by Marion Nestle

Currently browsing posts about: Food-trade

Jul 26 2018

Trump’s $12 billion “gold crutches” to deal with trade retaliation against US agriculture

President Trump says he will fix the retaliation damage his trade policy has caused for agriculture with $12 billion added to USDA programs.

The New York Times quote of the day:  “This trade war is cutting the legs out from under farmers and the White House’s “plan” is to spend $12 billion on gold crutches.”  –Sen. Ben Sasse, R-Nebraska

The USDA explains that

These programs will assist agricultural producers to meet the costs of disrupted markets. This is a short-term solution to allow President Trump time to work on long-term trade deals to benefit agriculture and the entire U.S. economy.

Politico (behind paywall) quotes USDA Secretary Perdue: “”The programs we are announcing today are a firm statement that other nations cannot bully our agricultural producers to force the United States to cave in.”  It explains that the 3-part plan will:

  1. Provide direct payments to growers and producers of soybeans, sorghum, corn, wheat, cotton, pork and dairy.
  2. Purchase fruit, nuts, rice, beef, pork and dairy products from U.S. producers for redistribution to federal nutrition assistance programs.
  3. Put resources toward finding new markets for U.S. farmers to sell their products abroad.

Not everyone loves this idea.  Politico quotes Senator Ron Johnson (R-Wisconsin):

This is becoming more and more like a Soviet-type of economy here: Commissars deciding who’s going to be granted waivers, commissars in the administration figuring out how they’re going to sprinkle around benefits…I’m very exasperated. This is serious.

It also quotes Rep. Dave Reichert (R-Wash.) observing that the bailout does nothing to preserve market access lost as a result of the tariff policies.

Some in the ag community, they say, ‘That’s great, thank you for the help’ — except that the problem then becomes we’ve lost the market, so how do we get the market back?…That’s the question.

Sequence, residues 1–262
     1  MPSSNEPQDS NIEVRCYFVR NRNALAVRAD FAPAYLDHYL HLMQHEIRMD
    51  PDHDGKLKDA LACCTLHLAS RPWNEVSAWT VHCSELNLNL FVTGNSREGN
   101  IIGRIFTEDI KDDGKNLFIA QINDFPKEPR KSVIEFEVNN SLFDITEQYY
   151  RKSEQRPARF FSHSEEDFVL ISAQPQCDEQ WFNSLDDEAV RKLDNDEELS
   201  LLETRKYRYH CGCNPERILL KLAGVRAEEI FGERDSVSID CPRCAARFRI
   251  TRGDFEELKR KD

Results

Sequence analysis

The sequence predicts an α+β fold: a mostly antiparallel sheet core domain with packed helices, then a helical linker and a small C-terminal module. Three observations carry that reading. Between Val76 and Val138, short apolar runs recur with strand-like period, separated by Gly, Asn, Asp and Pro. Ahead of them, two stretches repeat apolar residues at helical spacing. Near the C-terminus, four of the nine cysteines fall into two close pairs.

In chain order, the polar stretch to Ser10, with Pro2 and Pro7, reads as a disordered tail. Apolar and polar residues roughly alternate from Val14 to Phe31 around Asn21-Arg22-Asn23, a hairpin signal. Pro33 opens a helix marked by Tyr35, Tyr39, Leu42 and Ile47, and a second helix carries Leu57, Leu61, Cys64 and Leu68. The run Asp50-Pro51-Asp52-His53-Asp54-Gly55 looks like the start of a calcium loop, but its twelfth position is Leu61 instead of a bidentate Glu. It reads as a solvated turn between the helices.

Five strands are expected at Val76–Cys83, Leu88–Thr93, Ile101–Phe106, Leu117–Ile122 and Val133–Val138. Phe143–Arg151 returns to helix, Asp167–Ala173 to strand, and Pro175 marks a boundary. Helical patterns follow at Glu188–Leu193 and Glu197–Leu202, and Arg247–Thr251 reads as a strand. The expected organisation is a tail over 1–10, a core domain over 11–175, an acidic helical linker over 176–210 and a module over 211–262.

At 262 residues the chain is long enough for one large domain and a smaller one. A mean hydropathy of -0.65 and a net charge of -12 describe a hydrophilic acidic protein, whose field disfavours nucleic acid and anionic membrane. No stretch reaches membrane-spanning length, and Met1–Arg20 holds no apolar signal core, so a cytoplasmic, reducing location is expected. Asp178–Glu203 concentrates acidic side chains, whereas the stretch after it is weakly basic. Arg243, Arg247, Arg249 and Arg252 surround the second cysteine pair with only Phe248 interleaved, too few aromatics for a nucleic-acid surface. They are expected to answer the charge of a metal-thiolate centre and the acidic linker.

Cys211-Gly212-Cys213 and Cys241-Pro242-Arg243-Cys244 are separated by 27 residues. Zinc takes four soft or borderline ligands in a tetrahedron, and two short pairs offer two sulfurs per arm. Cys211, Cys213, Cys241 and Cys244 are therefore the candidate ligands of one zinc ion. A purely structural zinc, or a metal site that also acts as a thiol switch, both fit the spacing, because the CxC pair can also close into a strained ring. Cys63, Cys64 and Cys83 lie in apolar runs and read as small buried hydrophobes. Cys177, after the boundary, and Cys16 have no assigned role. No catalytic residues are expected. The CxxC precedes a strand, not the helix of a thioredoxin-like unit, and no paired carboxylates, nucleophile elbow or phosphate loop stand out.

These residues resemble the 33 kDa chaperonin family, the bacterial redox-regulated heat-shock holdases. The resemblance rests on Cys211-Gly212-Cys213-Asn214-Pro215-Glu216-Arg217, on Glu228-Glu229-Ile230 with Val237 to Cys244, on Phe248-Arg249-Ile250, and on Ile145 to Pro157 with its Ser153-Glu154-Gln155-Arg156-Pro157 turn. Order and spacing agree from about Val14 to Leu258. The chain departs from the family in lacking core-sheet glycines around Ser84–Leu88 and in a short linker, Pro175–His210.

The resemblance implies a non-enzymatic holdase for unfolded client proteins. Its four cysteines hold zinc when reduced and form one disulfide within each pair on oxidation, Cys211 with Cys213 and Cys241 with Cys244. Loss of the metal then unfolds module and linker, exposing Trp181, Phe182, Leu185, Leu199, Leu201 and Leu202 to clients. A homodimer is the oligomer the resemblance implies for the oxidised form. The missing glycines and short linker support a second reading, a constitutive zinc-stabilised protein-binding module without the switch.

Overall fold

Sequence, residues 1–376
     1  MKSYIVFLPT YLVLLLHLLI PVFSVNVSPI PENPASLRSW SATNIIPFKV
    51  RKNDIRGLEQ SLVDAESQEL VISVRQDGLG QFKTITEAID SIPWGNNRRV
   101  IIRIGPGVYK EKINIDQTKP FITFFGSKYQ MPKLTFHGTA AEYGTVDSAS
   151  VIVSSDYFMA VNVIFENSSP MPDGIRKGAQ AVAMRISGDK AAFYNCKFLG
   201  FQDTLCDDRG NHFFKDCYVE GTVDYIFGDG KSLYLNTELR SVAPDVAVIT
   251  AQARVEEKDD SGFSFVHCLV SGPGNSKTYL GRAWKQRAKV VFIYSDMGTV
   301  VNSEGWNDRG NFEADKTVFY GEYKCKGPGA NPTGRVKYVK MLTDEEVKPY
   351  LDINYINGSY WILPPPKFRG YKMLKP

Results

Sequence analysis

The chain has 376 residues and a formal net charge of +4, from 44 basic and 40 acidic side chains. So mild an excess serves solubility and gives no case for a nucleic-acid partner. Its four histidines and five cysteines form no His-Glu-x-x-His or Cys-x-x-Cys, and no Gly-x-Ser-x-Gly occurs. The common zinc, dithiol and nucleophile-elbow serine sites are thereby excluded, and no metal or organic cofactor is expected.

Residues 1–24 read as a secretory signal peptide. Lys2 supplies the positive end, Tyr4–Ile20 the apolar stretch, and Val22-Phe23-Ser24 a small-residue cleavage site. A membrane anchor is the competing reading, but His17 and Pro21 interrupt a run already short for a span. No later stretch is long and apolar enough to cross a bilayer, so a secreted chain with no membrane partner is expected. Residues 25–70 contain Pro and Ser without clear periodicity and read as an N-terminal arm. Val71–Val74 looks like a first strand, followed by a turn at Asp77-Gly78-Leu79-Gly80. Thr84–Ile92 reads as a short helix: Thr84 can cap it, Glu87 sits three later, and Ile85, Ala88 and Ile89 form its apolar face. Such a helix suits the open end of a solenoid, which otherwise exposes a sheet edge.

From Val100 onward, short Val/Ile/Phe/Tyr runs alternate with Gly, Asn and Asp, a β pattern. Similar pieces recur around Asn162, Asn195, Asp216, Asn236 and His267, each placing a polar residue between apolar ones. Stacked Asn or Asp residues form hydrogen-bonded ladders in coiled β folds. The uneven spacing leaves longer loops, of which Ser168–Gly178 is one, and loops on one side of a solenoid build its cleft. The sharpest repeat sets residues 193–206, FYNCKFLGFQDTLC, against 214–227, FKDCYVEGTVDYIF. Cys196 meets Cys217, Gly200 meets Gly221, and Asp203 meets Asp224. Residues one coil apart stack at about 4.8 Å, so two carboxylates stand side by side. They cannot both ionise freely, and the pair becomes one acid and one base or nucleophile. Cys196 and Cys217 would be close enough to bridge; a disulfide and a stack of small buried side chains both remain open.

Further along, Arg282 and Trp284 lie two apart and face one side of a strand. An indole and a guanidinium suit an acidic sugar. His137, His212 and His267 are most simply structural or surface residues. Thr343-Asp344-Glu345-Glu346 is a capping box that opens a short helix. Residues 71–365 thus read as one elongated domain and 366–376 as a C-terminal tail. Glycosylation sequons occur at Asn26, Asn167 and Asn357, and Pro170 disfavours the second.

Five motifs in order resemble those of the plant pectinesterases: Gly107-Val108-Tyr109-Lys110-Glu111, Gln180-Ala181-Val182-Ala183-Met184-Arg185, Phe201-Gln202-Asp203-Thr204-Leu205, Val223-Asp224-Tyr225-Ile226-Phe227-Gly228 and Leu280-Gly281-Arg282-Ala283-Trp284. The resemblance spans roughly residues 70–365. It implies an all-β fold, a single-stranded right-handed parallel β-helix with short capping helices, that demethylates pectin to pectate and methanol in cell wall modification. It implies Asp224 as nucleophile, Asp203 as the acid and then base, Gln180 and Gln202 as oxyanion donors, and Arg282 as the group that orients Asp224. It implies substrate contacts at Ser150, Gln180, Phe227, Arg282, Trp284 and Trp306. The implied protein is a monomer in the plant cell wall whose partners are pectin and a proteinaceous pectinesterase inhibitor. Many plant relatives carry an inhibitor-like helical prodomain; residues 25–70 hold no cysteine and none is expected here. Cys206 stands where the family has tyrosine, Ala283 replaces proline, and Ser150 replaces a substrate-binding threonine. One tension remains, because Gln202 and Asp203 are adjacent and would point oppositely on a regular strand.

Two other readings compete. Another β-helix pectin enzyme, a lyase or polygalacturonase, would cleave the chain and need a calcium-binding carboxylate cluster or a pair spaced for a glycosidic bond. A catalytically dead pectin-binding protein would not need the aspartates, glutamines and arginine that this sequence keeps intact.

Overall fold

In general, agricultural groups view this as an inadequate short-term fix for a problem that won’t go away until Trump ends the trade war.

Former USDA Secretary Dan Glickman tweeted a link to a longer statement:

Rep. Chellie Pingree (D-Maine) is introducing legislation to ensure a fairer distribution of the bailouts.  How about some trade relief for fishermen?

In the meantime, The Street reports the effect of this plan on the market: Soybean futures for November delivery settled more than 1% higher; Deere & Co. and other farm equipment stocks also went up.  CBS News also notes the rise in ag stock prices.

Analysts generally view this as a move to maintain Trump’s base of support among soy and corn producers in the lead up to the midterm elections.  It solves a short-term political problem, but does nothing to protect US agricultural markets.  See, for example, accounts from

Jun 7 2018

What does US vs. NAFTA mean for US food producers? Nothing good.

The NAFTA agreement meant that the US, Canada, and Mexico would not impose tariffs on each other’s products.

But the Trump Administration has announced tariffs on steel and aluminum imported from Canada and Mexico.

Canada is retaliating.  Here is its list of US products subject to new tariffs.  Table 2 lists agricultural products, among them,

  • Yogurt
  • Coffee
  • Prepared meals
  • Maple sugar
  • Pizza and quiche
  • Chocolate
  • Waters
  • Whiskies

Mexico also is retaliating.  Its list (in Spanish) includes, among others,

  • Cheeses
  • Apples
  • Ham
  • Pork
  • Potatoes
  • Whisky

This means that these products will be more expensive—a lot more expensive—in Canada and Mexico and, therefore, will not sell as well.

Pork producers are particularly distressed.

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Mar 27 2018

NAFTA negotiations put front-of-package warning labels at risk

Last week, the New York Times published an article about how the US was inserting provisions in NAFTA negotiations to restrict the ability of Mexico to put warning labels—similar to those in Chile and other countries—on ultraprocessed “junk” foods.

Urged on by big American food and soft-drink companies, the Trump administration is using the trade talks with Mexico and Canada to try to limit the ability of the pact’s three members — including the United States — to warn consumers about the dangers of junk food, according to confidential documents outlining the American position.

The American stance reflects an intensifying battle among trade officials, the food industry and governments across the hemisphere. The administration’s position could help insulate American manufacturers from pressure to include more explicit labels on their products, both abroad and in the United States. But health officials worry that it would also impede international efforts to contain a growing health crisis.

In response to questions by Rep. Lloyd Doggett (Dem-Texas), US Trade Representative Robert Lighthizer argues that front-of-package labels are a form of protectionism.

Really?